RECIFE, Brazil (Thomson Reuters Foundation) - Jair Bolsonaro’s election as Brazilian president has sparked deep concerns within the country’s gay and trans community about a future under a leader with a history of homophobia.
In 2011, Bolsonaro told a reporter he would prefer his son to “die in a car crash” than be gay. Two years later, he called himself a “proud homophobe”.
In April this year, Bolsonaro was charged with inciting hatred by a Brazilian attorney general.
For LGBT+ people living in Brazil, his victory signals a potential U-turn in the advance of rights for gay and trans people that occurred under the previous administration.
“Bolsonaro indicates, in all his actions, that he will withdraw rights, so hard won, and will strengthen the persecution of the [LGBT+] population,” said park administrator Giovani Feitosa in Recife in the northeast of Brazil.
The precarious status of gay and trans people in the country reflects the contradictions inherent in the world’s fourth-largest democracy, which hosts thriving gay scenes in most major cities.
The annual Pride Parade in São Paulo, Brazil’s largest city, rivals New York as the biggest in the world, and one of the country’s most popular pop stars, Pabllo Vittar, is an openly gay drag queen – and fierce critic of the new president.
Yet many gay and trans people are reluctant to be “out” in public.
“We can’t show any kind of affection in some places simply because we are afraid of suffering violence, be it verbal and/or physical,” Renan Alves, a scientific researcher from São Paulo told the Thomson Reuters Foundation.
Homophobia is common, particularly in rural areas, leading many gay and trans people to migrate to cities.
Brazil is a deeply religious country. The Catholic Church is frequently critical of gay rights as is the country’s growing evangelical Christian movement.
During the campaign, Bolsonaro frequently espoused extreme right-wing views, tapping into his supporters’ unease at the perceived spread of liberalism.
His conservative stance chimed with many influential figures, including famous footballers and evangelical Christians, who make up 20 percent of the population and represent a powerful bloc in Brazil’s Congress.
Bolsonaro cited the example of a “gay kit”, which he claimed – with no evidence – that his chief opponents, the Workers’ Party (PT), would introduce into schools in order to turn children into homosexuals.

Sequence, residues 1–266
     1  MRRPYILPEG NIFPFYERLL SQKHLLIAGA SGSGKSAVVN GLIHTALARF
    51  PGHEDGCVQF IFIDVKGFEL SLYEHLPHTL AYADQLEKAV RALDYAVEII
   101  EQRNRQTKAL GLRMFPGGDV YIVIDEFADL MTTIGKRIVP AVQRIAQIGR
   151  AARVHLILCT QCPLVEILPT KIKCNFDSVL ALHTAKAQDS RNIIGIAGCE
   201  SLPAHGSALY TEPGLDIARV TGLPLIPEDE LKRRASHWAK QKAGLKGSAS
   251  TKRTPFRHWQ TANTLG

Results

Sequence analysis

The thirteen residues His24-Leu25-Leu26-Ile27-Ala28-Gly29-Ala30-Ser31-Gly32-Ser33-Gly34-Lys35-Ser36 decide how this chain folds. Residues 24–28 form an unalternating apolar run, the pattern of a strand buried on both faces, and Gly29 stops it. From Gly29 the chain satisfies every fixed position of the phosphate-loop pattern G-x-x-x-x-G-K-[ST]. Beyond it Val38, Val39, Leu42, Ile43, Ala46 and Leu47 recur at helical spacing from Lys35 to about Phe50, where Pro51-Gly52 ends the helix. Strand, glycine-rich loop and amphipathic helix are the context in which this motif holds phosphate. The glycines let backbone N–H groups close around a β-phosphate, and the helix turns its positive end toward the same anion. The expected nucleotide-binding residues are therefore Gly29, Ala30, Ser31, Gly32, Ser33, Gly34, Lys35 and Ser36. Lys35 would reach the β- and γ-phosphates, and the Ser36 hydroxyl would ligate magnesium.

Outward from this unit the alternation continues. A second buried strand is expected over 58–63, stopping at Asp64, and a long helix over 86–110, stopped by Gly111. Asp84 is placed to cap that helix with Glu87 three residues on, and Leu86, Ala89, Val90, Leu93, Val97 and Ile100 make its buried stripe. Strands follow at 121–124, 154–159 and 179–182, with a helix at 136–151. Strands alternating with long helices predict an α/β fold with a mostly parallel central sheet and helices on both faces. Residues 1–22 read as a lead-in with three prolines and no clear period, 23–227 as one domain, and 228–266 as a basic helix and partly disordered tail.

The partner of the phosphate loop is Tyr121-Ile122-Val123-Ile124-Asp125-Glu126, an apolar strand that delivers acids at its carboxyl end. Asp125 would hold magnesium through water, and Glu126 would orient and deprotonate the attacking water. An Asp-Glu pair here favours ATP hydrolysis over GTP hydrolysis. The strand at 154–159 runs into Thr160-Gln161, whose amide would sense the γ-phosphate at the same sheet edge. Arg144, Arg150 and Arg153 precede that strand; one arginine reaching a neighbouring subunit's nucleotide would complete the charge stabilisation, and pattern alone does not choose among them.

Under the previous PT administration, which was in power between 2003 and 2016, the government legalized adoption for same-sex couples in 2010.
It also created a Human Rights Ministry, which oversaw the introduction of same-sex marriage in 2013.
But many fear the newly elected former army captain could reverse these advances.
“His victory is already encouraging and legitimizing countless acts of violence throughout the country,” said Recife-based small business owner Paula, who requested her surname not be used.
“We are alarmed and afraid – not only of losing our legal rights, but of losing our freedom and our lives,” she said.
Civil rights group Movimento LGBT Leões do Norte expressed concern about “the election of religious fundamentalists and ultra-conservatives into posts that interfere directly with policies to combat prejudice and violence (against LGBT+ people)”.
Attacks on the LGBT+ community remain high, despite the introduction of more liberal legislation.
According to Brazilian rights group Grupo Gay da Bahia there were 445 reported killings of LGBT+ people in 2017 – a 30 percent increase on the previous year.
In the immediate run-up to the election, Jéssica Gonzaga, a trans woman, was murdered in São Paulo.
“Our struggle against this is daily,” said magazine advertising executive Raíssa Medeiros.
Bolsonaro’s election will “affirm and legitimize this violence, giving support to crimes of homophobia”, she added.
Others are opting for more desperate ways of escaping the new government under the president-elect.
For part-time teacher Norman Monteiro, Bolsonaro’s victory was the final straw. He now intends to leave the country before the new government comes into power in January.
“I have friends in Spain,” he said. “Brazil is only going to become more dangerous.”
Reporting by Kaspar Loftin @Kas_pah; Editing by Hugo Greenhalgh and Lyndsay Griffiths. Please credit the Thomson Reuters Foundation, the charitable arm of Thomson Reuters that covers humanitarian news, women's and LGBT+ rights, human trafficking, property rights, and climate change. Visit news.trust.org